E. coli

dispersal through the intestinal mucosa.

Tudor Toma
Nov 5, 2002

Enteroaggregative Escherichia coli (EAEC) are diarrhoeal pathogens that adhere to the intestinal mucosa in a thick biofilm that may mediate their persistence in the human intestine, but the mechanisms involved in the adhesion have been unclear. In November 1 Journal of Clinical Investigation, Jalaluddin Sheikh and colleagues at the University of Maryland School of Medicine, Baltimore, Maryland, USA, show that aap encodes a secreted protein that coats the bacterial surface and promotes dispersal of the bacteria on the intestinal mucosa (Journal of Clinical Investigation, 110:1329-1337, November 1, 2002).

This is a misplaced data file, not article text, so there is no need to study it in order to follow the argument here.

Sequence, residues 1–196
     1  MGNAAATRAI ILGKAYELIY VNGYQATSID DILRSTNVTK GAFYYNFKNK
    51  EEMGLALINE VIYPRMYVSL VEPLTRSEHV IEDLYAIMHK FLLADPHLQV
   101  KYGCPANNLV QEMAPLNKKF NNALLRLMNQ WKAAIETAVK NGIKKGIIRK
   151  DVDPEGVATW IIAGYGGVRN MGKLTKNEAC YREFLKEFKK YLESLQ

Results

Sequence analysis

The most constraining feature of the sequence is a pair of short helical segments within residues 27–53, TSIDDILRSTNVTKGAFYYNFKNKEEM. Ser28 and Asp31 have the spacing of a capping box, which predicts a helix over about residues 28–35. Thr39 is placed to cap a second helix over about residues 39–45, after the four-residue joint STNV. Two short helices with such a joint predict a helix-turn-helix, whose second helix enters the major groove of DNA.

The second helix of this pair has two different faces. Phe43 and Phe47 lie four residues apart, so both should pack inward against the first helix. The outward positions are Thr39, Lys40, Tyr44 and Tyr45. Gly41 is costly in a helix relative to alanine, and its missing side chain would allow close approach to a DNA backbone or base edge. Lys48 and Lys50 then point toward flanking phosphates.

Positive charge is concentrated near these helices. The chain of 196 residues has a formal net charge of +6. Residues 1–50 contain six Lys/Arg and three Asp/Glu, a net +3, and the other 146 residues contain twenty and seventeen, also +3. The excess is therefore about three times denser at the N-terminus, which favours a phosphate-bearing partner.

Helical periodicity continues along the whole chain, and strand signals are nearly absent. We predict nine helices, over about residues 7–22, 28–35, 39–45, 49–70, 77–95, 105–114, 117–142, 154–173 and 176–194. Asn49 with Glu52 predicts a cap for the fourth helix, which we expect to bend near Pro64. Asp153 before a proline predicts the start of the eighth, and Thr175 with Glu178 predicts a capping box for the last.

Sheikh et al. generated a variety of recombinant E. coli and observed that EAEC aap mutants aggregated more intensely than wild-type cells and formed larger aggregates, but containing fewer individual bacteria. In addition, they showed that the aspU locus — which lies immediately upstream of aggR in EAEC 042 — encodes a secreted low molecular weight protein, named...

Interested in reading more?

Become a Member of

Receive full access to more than 35 years of archives, as well as TS Digest, digital editions of The Scientist, feature stories, and much more!
Already a member?